A superfood contains a variety of nutrients, such as antioxidants, thought to ward off cancer. They also contain healthy fats, thought to prevent heart disease. As well as fiber, known to help prevent diabetes and digestive problem. Finally, superfoods are also known to contain phytochemicals which have numerous health benefits.
Low in saturated fats, the olive contains 11-15% fat, of which over 70% is oleic acid, a monounsaturated fatty acid. Oleic acid is linked to health benefits including decreased inflammation and a lower risk of heart disease. Olives are comprised of 4-6% carbohydrates making them a low-carb fruit but not considered a strong source of fiber. Olives are particularly rich in antioxidants including oleuropein, hydroxytyrosol, tyrosol, oleanolic acid and quercetin. Scientists are currently studying fermented olives to determine their probiotic effect.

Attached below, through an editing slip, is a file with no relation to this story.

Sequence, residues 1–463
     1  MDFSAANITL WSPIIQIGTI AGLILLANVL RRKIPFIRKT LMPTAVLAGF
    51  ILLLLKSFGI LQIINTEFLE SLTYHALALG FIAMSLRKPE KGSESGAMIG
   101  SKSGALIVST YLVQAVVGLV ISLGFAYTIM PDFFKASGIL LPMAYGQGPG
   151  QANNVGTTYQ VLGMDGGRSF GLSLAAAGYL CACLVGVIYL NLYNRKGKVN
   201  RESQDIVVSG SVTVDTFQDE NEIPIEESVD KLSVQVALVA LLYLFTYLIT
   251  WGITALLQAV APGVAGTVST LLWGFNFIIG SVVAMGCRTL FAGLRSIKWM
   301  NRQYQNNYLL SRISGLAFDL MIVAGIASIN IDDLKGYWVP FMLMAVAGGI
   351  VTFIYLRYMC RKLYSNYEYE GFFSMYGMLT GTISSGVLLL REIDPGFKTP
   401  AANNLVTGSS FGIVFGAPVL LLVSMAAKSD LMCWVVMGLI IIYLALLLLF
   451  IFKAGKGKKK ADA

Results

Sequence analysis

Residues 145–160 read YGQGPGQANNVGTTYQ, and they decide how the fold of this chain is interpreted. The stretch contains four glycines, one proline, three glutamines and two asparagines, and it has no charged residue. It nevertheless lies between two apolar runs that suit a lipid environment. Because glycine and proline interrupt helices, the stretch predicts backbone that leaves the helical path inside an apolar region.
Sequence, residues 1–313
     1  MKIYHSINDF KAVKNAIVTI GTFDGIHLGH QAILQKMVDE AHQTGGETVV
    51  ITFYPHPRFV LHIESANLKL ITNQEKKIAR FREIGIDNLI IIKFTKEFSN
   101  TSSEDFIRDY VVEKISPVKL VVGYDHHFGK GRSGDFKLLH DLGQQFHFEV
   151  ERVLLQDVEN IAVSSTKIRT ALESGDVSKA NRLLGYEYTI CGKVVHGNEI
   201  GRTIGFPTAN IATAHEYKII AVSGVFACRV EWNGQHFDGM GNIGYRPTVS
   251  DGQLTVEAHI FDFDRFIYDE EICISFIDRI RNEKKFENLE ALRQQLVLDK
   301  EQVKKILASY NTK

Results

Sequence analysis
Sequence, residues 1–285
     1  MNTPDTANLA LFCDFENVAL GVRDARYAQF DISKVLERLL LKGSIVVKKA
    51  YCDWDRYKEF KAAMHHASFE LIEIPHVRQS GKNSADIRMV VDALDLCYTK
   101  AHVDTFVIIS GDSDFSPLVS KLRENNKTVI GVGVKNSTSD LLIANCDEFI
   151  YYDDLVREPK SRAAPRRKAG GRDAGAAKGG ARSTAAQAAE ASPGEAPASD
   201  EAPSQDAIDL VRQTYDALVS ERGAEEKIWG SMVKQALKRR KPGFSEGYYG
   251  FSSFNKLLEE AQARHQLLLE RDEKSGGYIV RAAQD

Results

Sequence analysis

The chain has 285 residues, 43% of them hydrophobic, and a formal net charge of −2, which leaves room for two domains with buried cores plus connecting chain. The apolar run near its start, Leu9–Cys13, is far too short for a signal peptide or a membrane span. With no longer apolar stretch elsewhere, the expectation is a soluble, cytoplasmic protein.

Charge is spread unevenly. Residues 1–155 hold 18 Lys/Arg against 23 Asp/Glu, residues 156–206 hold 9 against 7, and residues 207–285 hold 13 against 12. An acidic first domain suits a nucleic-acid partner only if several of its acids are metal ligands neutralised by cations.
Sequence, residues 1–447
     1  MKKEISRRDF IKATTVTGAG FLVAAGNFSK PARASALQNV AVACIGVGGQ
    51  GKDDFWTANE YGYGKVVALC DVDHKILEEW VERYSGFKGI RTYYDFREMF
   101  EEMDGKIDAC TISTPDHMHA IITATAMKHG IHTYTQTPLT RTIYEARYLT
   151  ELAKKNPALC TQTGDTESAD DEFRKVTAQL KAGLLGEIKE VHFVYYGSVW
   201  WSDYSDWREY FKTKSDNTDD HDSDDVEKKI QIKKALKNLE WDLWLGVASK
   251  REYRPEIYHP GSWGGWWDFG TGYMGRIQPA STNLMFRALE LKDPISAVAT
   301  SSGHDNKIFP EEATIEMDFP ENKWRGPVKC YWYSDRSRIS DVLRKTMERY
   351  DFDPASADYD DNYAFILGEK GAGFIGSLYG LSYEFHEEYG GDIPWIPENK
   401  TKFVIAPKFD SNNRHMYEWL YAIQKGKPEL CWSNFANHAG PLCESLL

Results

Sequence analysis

Store bottled or tinned olives in a cool, dark place until opened. They will last up to 12 months. After opening, keep the olives refrigerated in a airtight container where they are best if eaten within a week of opening.
The color of the olive is determined by their ripeness, green olives are harvested in October or November, when still young. They tend to be more plump and firm with a stronger flavor than a comparably cured black olive. Black olives are picked in December, by which time they have matured and are fully ripe.
Olives are delicious served on their own. Stuffed olives are a great accompaniment for a cocktail, think martini or bloody Mary. Use the brine from a jar of olives to “dirty” a martini. Tapenade can be made from chopping olives finely and adding a small amount of olive oil. Spread tapenade on crusty French bread or serve with crackers or bread sticks. Enhance salads, pizza, pasta, steak, mashed potatoes with chopped or pitted olives.
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